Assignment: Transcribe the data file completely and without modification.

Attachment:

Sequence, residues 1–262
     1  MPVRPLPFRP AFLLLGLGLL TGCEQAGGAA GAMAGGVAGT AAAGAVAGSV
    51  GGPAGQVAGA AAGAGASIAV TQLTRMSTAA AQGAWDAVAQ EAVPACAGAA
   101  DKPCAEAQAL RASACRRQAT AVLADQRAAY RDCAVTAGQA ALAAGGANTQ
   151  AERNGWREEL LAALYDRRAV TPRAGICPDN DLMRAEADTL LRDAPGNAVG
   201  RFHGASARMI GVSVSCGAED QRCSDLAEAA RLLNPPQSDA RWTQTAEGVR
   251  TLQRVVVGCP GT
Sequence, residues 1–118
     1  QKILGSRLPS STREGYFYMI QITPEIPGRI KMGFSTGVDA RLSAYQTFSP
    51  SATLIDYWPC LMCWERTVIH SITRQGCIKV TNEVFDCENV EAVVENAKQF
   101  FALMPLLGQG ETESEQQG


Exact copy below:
Sequence, residues 1–262
     1  MPVRPLPFRP AFLLLGLGLL TGCEQAGGAA GAMAGGVAGT AAAGAVAGSV
    51  GGPAGQVAGA AAGAGASIAV TQLTRMSTAA AQGAWDAVAQ EAVPACAGAA
   101  DKPCAEAQAL RASACRRQAT AVLADQRAAY RDCAVTAGQA ALAAGGANTQ
   151  AERNGWREEL LAALYDRRAV TPRAGICPDN DLMRAEADTL LRDAPGNAVG
   201  RFHGASARMI GVSVSCGAED QRCSDLAEAA RLLNPPQSDA RWTQTAEGVR
   251  TLQRVVVGCP GT
Sequence, residues 1–118
     1  QKILGSRLPS STREGYFYMI QITPEIPGRI KMGFSTGVDA RLSAYQTFSP
    51  SATLIDYWPC LMCWERTVIH SITRQGCIKV TNEVFDCENV EAVVENAKQF
   101  FALMPLLGQG ETESEQQG